The period in our Church year that follows the Christmas season, and then again follows the Easter season, has an unfortunate name—Ordinary Time. The name comes from the fact that while we are outside of special seasons, the Church simply counts the time as it passes (3rd Sunday in Ordinary Time, 4th Sunday in Ordinary Time, etc). It's counted time using the ordinal numbers (1st, 2nd, 3rd...) which is how it got it's name. Of course, being that it's also outside of the special seasons, it often feels mundane, routine, ordinary as well.
Rev. Larry Rice, CSP explains Ordinary Time this way...
Of all the great teachers in my life, my most surprising teachers have been my own children. Clearly, they do not help me gain basic knowledge or life skills (I do that for them), but they have opened up for me the path to virtuous living in ways that I could have never foreseen.Caring for my children has provided me with ample schooling in the virtues of patience, kindness and love, to name a few.
However, my children first taught me to practice humility, which was the gateway to desiring to grow in virtue and holiness at all.
During World Youth Day 2013, Pope Francis issued a challenge to today's church:
“[W]e need a church capable of walking at people’s side, of doing more than simply listening to them; a church that accompanies them on their journey; a church able to make sense of the ‘night’ contained in the flight of so many of our brothers and sisters from Jerusalem; a church that realizes that the reasons why people leave also contain reasons why they can eventually return.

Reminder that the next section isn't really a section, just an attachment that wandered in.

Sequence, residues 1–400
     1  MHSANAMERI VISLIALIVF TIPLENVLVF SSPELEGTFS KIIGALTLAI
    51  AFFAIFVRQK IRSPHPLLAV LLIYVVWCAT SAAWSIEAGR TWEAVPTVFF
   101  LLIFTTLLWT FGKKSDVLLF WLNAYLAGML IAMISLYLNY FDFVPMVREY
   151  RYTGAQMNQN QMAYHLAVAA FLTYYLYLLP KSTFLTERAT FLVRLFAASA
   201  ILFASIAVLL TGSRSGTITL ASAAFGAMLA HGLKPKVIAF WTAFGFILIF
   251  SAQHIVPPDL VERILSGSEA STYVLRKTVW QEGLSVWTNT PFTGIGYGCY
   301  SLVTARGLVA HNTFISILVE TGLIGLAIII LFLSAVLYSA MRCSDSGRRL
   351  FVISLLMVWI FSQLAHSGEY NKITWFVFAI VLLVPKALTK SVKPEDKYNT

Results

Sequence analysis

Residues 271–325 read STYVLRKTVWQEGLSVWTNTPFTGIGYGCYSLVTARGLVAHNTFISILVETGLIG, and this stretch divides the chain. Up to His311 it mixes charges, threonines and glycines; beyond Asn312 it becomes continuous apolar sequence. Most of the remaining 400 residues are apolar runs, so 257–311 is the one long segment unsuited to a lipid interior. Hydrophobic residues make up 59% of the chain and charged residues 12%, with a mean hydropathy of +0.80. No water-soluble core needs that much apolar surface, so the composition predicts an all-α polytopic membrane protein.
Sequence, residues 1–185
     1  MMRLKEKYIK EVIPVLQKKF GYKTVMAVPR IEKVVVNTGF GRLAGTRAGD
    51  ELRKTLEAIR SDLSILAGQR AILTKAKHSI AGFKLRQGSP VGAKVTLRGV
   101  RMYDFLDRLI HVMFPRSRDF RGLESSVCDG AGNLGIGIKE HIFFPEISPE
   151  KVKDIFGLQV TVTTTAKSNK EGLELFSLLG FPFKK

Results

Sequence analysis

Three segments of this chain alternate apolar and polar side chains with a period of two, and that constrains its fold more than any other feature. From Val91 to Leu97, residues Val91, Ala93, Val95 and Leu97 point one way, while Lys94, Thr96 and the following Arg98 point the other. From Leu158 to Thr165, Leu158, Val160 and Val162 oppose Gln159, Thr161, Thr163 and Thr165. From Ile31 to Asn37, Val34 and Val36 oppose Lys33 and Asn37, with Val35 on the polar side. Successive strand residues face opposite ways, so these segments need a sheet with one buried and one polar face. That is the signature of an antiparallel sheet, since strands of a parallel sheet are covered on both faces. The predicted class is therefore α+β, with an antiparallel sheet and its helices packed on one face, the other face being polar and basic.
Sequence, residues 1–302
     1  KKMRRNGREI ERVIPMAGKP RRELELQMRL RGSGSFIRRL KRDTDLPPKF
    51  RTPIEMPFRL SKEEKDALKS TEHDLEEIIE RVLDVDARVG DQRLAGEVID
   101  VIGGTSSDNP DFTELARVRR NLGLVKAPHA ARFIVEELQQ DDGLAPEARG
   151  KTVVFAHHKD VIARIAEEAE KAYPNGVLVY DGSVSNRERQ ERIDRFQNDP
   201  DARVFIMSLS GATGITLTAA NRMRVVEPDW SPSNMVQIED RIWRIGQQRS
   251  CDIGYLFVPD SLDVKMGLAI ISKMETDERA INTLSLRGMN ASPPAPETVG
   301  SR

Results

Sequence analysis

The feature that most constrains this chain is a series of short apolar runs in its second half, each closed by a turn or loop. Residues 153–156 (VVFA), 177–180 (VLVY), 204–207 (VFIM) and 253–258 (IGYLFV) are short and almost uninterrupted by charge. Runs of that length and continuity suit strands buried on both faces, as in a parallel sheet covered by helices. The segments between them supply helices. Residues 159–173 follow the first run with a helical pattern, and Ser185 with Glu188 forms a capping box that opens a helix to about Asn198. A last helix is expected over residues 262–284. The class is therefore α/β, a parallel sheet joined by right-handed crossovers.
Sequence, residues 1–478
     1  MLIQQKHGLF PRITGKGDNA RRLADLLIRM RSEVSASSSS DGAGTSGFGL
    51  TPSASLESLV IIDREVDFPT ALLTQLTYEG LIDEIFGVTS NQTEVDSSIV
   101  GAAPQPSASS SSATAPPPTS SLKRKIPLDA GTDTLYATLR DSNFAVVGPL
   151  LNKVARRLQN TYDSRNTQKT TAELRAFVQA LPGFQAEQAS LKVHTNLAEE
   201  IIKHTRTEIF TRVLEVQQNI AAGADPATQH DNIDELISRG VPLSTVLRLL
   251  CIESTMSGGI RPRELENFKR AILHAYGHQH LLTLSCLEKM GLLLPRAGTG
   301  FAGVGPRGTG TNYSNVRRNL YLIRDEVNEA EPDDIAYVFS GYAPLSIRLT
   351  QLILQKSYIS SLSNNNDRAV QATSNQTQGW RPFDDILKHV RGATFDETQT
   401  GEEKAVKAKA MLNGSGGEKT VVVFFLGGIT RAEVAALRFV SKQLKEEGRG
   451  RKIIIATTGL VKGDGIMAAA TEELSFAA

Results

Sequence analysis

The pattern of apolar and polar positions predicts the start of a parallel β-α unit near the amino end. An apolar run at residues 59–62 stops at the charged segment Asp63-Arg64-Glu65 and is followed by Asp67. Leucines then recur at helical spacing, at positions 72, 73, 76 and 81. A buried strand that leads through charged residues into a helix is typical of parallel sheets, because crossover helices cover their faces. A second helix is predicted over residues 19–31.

But we need to know how to interpret, with courage, the larger picture. Jesus warmed the hearts of the disciples of Emmaus.
[I]t is important to devise and ensure a suitable formation, one which will provide persons able to step into the night without being overcome by the darkness and losing their bearings; able to listen to people’s dreams without being seduced and to share their disappointments without losing hope and becoming bitter; able to sympathize with the brokenness of others without losing their own strength and identity.
September 15 is the Memorial of Our Lady of Sorrows.
May she who followed her Son to Calvary help us to follow him, carrying his cross with serenity and love, to reach the joy of Easter. May the Virgin of Sorrows especially comfort those who are facing the most difficult situations. (Pope Francis,
Mary, through her intercession, obtains for us many blessings in this life and the life to come, especially at the hour of death. Devotion to the sorrows of Mary helps us to get a glimpse of how much she suffered on our behalf – how she stood faithfully at the foot of the cross.